Filtering through the number of films showing at a film festival can be overwhelming, so here’s my life of the top 10 most hotly anticipated movies playing at the Chicago International Film Festival. Expect capsule reviews for many of these (but unfortunately not all) in the coming weeks.
The Babadook (Jennifer Kent)- In this Australian horror/drama, a child’s nightmares get out of control. We soon make the spooky discovery that they may be linked to a scary storybook called “The Babadook.” It’s gotten rave reviews that praise the Jennifer Kent’s powerful direction, as well as the moving subtext of her screenplay. Playing 10/10 at 11:00 PM and 10/21 at 8:30 PM.
Black Coal, Thin Ice (Bai ri yan huo)- This Hong Kong neo-noir won the prestigious Golden Bear award at the 64th Berlin International Film Festival, making it one of the most high profile foreign films showing at CIFF. It has the classic makings of a noir thriller: a beautiful femme fatale, a mystery, and an ex-cop with the devil on his shoulder. Boasting impressive visuals and an acclaimed cast, it’s destined to be one of the most exciting offerings at the festival. Playing 10/11 at 8:00 PM, 10/13 at 8:00 PM, and 10/17 at 12:00 PM.
Winter Sleep (Nuri Bilge Ceylan)- The anticipated followup to 2011s critically acclaimed Once Upon a Time in Anatolia, Turkish writer and director Nuri Bilge Ceylan offers another beautifully photographed existential tale through Winter Sleep. It already won the much coveted Palm d’Or, the top prize at Cannes, and is destined to make a stir come oscar time in early 2015. Deeply contemplative with issues of class and self-deception, the narrative follows an aging ex-actor who actors as proxy king to his small town. Its epic (some might say too long) running time of 196 might turn some away, but the talent and acclaim alone make it worth it. Playing 10/11 at 7:15 and 10/14 at 7:45.
Birdman (Alejandro G. Iñarritu) - Arguably the most anticipated film of the entire festival, this wildly critically acclaimed black comedy/drama follows an aging actor attempt to make a bold comeback through a new play. Famed cinematographer Emmanuel Lubezki, who just won an oscar for his visuals in Gravity, stitched multiple takes together to give the impression most or all of the film was made in one uninterrupted take. The spectacle is said to be spellbinding and Michael Keaton’s turn as the star spells oscar glory.
Wild (Jean-Marc Vallée)- Hot off the award-season success of Dallas Buyers Club that ended with oscars for Matthew McConaughey and Jared Leto, Jean-Marc Vallée is back with an adaptation of the best selling autobiographical book of the same name. Wild follows Author Cheryl Strayed, played by Reese WItherspoon with a performance likely to be a major contender come oscar time, in an epic hike through the Pacific Crest Trail. It spans spans more than a thousand miles, and her adventures yield insight how to live life. After the fantastic Dallas Buyers Club, Vallée has demanded our attention no matter what project he chooses- this most of all. Playing 10/23 7:00 PM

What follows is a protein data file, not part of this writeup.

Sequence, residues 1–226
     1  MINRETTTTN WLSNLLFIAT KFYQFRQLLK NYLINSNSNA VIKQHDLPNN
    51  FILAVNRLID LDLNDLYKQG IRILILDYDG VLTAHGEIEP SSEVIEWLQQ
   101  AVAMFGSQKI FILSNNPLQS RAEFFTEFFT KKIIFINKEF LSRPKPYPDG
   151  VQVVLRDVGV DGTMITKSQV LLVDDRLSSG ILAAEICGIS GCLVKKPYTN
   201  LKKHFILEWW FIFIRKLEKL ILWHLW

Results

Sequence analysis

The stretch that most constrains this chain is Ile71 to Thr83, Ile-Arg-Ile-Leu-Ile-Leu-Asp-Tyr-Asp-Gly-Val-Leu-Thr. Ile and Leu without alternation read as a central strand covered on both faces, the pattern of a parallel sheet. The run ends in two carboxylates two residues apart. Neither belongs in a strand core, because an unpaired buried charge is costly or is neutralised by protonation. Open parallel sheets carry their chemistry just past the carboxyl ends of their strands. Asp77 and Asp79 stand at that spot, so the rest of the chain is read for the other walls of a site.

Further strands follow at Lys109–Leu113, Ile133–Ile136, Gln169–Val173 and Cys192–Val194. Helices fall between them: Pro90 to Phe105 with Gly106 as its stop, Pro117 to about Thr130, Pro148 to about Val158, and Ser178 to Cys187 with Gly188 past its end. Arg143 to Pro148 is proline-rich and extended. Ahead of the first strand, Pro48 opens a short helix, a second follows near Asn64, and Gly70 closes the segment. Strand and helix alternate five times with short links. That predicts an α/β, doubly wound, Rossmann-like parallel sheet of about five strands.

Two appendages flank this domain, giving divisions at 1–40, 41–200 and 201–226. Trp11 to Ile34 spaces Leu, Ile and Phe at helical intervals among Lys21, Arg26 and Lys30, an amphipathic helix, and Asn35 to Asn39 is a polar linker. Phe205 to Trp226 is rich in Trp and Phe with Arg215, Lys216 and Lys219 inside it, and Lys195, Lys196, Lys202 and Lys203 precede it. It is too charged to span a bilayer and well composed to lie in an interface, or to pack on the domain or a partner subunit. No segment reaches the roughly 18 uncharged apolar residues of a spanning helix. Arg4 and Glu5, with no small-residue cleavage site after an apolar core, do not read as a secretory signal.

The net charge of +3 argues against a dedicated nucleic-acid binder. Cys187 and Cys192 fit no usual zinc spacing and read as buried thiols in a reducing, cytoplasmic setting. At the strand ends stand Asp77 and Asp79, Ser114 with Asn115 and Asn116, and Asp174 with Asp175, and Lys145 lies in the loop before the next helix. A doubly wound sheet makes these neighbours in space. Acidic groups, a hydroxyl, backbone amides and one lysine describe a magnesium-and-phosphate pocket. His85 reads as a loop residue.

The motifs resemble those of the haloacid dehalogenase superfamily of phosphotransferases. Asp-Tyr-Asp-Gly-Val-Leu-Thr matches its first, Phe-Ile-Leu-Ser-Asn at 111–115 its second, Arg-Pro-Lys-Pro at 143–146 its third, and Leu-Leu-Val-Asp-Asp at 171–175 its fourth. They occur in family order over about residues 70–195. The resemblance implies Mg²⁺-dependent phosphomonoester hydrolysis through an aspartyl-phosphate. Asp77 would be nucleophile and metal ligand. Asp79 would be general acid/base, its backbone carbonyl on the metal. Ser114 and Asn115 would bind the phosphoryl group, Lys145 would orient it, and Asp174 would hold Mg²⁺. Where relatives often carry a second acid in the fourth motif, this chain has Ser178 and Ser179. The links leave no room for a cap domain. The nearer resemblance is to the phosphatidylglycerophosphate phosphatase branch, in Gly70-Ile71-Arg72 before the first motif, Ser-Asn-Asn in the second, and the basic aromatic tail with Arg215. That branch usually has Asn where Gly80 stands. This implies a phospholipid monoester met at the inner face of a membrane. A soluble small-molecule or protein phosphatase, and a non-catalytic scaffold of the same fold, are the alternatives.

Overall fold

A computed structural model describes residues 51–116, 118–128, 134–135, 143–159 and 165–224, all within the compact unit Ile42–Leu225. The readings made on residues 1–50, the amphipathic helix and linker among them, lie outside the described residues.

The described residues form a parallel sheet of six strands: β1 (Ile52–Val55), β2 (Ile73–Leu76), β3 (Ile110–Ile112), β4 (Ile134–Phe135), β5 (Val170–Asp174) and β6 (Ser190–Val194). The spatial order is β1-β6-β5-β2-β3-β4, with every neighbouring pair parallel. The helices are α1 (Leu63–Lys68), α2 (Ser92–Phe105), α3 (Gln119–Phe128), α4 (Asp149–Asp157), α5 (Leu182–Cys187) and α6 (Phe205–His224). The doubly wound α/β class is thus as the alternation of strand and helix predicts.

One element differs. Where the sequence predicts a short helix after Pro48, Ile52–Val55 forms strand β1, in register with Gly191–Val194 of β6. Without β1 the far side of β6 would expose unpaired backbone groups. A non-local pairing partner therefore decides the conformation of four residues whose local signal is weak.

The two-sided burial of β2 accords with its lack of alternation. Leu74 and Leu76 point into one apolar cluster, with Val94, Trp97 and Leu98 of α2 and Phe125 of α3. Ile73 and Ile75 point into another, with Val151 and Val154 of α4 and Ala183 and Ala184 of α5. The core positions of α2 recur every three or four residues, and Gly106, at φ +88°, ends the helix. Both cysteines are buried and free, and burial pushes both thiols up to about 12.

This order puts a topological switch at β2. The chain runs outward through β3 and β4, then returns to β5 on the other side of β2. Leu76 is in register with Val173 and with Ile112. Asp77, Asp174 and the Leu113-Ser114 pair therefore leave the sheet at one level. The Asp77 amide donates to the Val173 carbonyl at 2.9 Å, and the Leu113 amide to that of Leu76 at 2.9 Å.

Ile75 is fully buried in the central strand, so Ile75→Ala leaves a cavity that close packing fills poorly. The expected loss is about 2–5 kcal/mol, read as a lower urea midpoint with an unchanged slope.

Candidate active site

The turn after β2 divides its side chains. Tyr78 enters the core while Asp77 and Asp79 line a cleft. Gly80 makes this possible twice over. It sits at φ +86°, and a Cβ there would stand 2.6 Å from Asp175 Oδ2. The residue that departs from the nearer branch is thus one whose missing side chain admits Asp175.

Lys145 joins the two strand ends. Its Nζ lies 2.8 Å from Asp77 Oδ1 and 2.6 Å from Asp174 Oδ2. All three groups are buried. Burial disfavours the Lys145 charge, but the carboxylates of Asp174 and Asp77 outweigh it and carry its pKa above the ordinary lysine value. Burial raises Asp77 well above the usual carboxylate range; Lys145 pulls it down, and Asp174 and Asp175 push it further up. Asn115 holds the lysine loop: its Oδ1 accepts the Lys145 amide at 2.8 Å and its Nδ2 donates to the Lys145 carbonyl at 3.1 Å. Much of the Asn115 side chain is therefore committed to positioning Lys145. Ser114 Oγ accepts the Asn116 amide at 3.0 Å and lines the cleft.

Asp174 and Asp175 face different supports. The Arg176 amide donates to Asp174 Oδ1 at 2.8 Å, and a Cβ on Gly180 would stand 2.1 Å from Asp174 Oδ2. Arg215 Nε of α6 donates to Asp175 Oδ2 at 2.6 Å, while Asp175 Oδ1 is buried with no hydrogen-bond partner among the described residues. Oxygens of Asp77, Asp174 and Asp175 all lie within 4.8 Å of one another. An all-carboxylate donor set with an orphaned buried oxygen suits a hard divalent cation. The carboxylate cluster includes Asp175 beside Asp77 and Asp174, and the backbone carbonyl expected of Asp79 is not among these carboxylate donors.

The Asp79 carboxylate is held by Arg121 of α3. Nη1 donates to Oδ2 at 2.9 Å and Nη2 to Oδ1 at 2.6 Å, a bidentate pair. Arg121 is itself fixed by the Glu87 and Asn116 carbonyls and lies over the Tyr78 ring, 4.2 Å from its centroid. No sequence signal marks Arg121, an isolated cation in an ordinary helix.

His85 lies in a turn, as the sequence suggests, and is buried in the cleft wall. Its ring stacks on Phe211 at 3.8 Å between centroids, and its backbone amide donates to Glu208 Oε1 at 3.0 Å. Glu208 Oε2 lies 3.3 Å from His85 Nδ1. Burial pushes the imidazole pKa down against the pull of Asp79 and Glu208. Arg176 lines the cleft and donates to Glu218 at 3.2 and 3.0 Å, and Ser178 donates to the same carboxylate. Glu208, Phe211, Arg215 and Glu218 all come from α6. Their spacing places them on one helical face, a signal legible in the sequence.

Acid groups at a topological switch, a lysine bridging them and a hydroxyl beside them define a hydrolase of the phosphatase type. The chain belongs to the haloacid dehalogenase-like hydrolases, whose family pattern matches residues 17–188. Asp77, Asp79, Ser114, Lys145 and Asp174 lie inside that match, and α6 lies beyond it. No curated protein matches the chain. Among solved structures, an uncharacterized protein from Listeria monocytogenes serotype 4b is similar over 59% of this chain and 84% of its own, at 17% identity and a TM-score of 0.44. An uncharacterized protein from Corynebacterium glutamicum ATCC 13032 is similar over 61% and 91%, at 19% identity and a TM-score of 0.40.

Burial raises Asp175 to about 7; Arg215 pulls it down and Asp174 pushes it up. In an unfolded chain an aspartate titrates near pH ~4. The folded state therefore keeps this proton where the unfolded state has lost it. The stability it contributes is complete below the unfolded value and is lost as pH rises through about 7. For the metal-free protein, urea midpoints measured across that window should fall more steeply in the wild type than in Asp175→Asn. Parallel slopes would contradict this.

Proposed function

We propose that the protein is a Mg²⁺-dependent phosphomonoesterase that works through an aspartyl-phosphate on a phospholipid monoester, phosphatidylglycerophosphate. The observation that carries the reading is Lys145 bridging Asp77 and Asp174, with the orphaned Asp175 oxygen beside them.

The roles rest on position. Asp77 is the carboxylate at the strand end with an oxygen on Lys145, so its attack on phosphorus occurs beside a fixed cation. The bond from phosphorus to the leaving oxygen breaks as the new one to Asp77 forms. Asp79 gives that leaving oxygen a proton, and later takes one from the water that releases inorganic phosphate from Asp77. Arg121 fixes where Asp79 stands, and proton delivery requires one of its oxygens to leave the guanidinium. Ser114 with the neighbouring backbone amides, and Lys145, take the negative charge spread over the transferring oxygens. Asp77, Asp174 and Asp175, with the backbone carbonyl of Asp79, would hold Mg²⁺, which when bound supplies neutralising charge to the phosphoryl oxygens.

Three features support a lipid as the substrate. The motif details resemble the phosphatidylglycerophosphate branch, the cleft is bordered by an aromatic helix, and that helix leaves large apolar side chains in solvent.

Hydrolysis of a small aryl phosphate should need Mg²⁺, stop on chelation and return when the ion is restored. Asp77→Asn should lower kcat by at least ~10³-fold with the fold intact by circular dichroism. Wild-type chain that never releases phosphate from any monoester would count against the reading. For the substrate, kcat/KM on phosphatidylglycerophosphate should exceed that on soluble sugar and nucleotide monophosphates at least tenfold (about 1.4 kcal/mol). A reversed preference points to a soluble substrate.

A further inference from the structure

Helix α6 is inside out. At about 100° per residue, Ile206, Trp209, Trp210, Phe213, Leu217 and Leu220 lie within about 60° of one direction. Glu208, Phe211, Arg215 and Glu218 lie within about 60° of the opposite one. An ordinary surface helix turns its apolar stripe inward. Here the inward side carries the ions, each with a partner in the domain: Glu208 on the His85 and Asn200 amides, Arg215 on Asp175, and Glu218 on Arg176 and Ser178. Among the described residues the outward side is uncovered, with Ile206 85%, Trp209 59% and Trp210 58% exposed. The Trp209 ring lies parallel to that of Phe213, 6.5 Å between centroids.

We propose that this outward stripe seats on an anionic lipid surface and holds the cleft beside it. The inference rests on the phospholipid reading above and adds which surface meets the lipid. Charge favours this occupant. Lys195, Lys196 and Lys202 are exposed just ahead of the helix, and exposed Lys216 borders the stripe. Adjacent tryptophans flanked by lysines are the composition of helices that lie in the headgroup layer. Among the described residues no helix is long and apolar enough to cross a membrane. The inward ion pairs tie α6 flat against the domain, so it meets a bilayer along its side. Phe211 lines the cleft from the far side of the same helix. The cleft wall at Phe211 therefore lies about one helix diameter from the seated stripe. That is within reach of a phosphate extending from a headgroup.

The Look of Silence (Joshua Oppenheimer)- Last year’s The Act of Killing isn’t just the best documentary of that year, but possibly one of the best documentaries ever. It was a stirring creative opus that gave the documentary purpose beyond an effective download of information, chronicling the government-sanctioned mass murder that took place in 1960s Indonesia. Instead of following the killers, as was done in The Act of Killing, The Look of Silence, follows the heartbreaking accounts of the victims. If it’s half the film its predecessor was it’s a must-see, and early reviews say it’s excellent. Playing 10/18 3:45 PM and 10/20 6:45 PM
Two Days, One Night (Jean-Pierre Dardenne, Luc Dardenne) - The Dardennes latest is a “slice of life” drama following a woman (Marion Cotillard) for 48 hours trying to get her job back after her company downsized. With a premise relevant to economic consequence that’s easy to identify with—what would we do if we lost our jobs?—it looks to be yet another effective drama from this pair of directors. For me the draw is Cotillard, whose loveliness is matched only by her talent. Playing 10/16 at 6:00 PM and 10/19 at 6:15 PM.
It Follows (David Robert Mitchell) - Mitchell’s had an impressive run so far- his first was a small indie film, The Myth of the American Sleepover, gained him modest praise, but his new film, It Follows is going to make him a force in the indie scene. It’s a low budget horror film with a pscho-sexual heart, said to show how production values need not rely on big money. The buzz around It Follows is huge, and I can’t wait to see it make a splash at CIFF. Playing 10/18 at 9:45 PM and 10/22 at 6:00 PM.
Force Majeure (Ruben Östlund) - Make no mistake, this may be the current frontrunner for best foreign film. This comedy/drama follows a Swedish family as they get stuck at a mountainside restaurant due to an Avalanche. It’s the rare film that’s both a critical favorite (at Cannes, where it also took the Jury Prize) and a crowd pleaser, acclaimed for its sharp wit and observational cleverness. Playing 10/10 at 8:15 PM and 10/12 at 5:30 PM.
The Imitation Game (Morten Tyldum) - Having already won the audience award at Toronto, this seems to be the film to beat for public praise. One part character drama, one part thriller, and one part King’s Speech period piece, The Imitation Game, tells the story of Alan Turing, the real life genius and cryptologist that helped crack the Nazi code that was a crucial element in ending World War II. Benedict Cumberbatch has been called—without any apparent hyperbole—amazing, and seems to be entering the best actor race with a vengeance. It’s one of the most must-see films of the festival. Playing 10/16 8:00 PM.